The cats are back on the prowl, in the Burn FM studio and on the Birmingham Hippodrome stage. Phoebe and Freya from ‘CatCalls’ went to review the classic musical directed once more by the legendary Trevor Nunn.
With neither of us having seen the show before, we entered the theatre with a vague awareness and limited knowledge of what we were about to witness. Our expectations of cats singing in the moonlight about their party days gone by, the iconic song ‘Memory’ and many many skin-tight cat suits were not disappointed. And for some, that is CATS the musical summed up, but it’s so much more than that.
Our first impressions were positive, and the set struck us immediately. Whilst sat waiting for the show to start, the curtains were drawn back presenting the lit stage, aided by the bright full moon shining down on us, giving us a chance to make some initial judgments. The stunning set was well designed with oversized rubbish piles, and trash almost pouring down into the audiences seating. The grimy bonnet of a large car shrunk the audience down to feline size, and hinted at the allowance of many performance levels. This gave us hope for a creatively used space, however such potential was at times wasted due to the large chorus and limited space onstage.
This hit show is over 33 years old, making these cats well into their 9 lives, and now nearing towards the end of a tour of the UK and Europe, they’ve settled in Birmingham until the 27th September. The Hippodrome put down a saucer of milk and installed a cat flap as the felines and audience members alike came in their drones. The crowd consisted of punters who had clearly known and the loved the show for many years, and were now taking this opportunity to share this wonderful and whimsical memory with their grandchildren.
The audience interaction came as a pleasant surprise. The show kicked off with a dramatic opening overture and an impressive light show on stage, which felt a bit unneeded as the audience had already been offered a good visual introduction to the stage. All at once, the cats entered along the aisles, rushing down but taking the time to peer amongst the faces. This then built into a fantastic and superbly choreographed opening dance number, with the audience transfixed by the Brechtian styled characterisation. By utilising epic theatre, as many musicals do, Nunn is able to highlight key characters subliminally rather than forcefully as is seen more within naturalistic performances.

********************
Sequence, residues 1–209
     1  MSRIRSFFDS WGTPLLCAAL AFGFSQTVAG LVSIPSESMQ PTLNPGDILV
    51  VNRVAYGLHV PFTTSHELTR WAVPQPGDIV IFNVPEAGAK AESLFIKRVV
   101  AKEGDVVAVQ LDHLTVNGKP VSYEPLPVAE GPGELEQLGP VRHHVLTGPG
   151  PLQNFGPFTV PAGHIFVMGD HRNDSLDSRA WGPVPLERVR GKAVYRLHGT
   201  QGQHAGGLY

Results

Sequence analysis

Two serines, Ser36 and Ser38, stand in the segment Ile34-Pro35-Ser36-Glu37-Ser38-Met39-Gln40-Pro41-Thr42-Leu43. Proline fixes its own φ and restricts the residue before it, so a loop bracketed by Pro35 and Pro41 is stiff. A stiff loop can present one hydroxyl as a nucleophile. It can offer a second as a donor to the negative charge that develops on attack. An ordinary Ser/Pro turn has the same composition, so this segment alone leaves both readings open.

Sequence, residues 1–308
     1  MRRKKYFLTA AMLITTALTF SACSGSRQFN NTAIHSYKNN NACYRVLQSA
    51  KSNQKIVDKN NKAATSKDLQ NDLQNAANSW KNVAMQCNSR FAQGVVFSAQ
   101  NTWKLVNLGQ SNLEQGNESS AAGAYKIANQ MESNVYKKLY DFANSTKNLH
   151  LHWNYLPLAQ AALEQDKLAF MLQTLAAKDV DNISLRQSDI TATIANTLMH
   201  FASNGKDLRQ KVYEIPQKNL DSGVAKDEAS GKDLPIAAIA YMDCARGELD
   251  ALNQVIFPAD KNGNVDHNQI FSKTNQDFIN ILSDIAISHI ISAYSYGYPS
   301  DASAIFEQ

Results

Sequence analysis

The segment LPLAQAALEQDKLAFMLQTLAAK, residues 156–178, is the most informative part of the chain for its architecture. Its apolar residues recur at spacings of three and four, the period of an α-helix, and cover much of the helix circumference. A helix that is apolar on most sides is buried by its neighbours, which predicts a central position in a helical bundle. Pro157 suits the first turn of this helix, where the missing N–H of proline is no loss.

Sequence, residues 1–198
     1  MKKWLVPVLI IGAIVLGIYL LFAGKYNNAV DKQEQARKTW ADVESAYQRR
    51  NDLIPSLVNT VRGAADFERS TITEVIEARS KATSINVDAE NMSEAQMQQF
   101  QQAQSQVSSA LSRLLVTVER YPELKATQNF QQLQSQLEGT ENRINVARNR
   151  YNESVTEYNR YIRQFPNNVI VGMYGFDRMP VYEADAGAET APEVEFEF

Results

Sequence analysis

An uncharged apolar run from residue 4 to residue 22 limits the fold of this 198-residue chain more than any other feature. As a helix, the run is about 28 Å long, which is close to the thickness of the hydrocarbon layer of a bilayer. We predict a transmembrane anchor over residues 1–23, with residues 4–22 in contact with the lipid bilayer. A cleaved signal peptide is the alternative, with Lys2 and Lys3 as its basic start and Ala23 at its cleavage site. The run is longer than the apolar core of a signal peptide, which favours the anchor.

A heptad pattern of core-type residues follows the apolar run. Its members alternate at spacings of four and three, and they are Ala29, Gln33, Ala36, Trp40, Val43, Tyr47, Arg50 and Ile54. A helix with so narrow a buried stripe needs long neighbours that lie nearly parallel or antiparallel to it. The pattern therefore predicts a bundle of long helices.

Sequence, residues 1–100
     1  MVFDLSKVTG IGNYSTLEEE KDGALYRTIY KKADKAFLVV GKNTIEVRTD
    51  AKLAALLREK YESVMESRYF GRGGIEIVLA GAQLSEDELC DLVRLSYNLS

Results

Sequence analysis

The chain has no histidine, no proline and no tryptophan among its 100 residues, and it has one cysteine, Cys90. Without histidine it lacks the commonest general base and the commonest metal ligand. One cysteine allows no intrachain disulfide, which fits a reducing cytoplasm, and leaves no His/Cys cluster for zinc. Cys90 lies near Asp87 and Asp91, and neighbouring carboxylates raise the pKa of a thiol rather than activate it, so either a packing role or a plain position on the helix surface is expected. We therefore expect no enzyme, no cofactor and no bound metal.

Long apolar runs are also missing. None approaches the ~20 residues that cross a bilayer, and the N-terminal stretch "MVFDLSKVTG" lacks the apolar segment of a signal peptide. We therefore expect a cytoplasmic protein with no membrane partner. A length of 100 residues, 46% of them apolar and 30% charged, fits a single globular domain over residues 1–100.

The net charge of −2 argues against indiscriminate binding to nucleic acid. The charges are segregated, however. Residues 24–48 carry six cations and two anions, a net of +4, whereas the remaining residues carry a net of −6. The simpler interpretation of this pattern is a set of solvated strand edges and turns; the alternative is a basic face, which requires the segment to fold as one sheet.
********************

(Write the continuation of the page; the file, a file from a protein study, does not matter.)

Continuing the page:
Not only did the music reflect upon the time it was written, but the delightful colour fest of various costumes covered in fur captured the essence of the 80s. ‘CATS’ is seemingly frozen in time forever, but it would appear not for much longer. Once the musical has completed its tour, the shabby cats are getting preened and groomed for a 12 week run at the London Palladium in December.
The limited return to the West End is being overlooked by the original team of the 1981 production; Trevor Nunn directing, Gillian Lynne choreographing, John Napier designing, and Lord Lloyd Webber himself rewriting a few of the songs. One of the major changes will be the song ‘Growltiger’s Last Stand’, because “it was never my favourite moment of the show” says Webber. Along with this a modern twist will be added to update the vibe of the show, as Rum Tum Tugger transforms into a hip street cat, whose rapping beats will offer a great challenge for the chorus’ dance choreography.
Act 1 was a strong introduction to the many different cats, and offered a chance to reveal their unique personalities, but the story was somewhat lacklustre. However, Act 2 picked up the pace with a jazzy number and an interesting plotline to follow, and this continued as the second half progressed.
The first performance to truly catch us swishing our tails to the beat was the high impact dance piece ‘Mr Mistoffelees’, a difficult choreography perfectly executed by the incomparable Joseph Poulton. His energetic, dynamic and daring performance had the audience on the edge of the seats as he continually surprised us with his unstoppable stamina. This was then followed by something slower, Sophia Ragavelas’ strong rendition of the iconic song ‘Memory’, surprising us with her powerful control of the song.
Although we can’t say we fell in love with the musical itself, the company’s flawless performance of a classic and well loved tale was outstanding, and the experience of being transported into the world of the Jellicle cats is something that will be truly memorable for us both.
CATS is on at the Birmingham Hippodrome until the 27th September.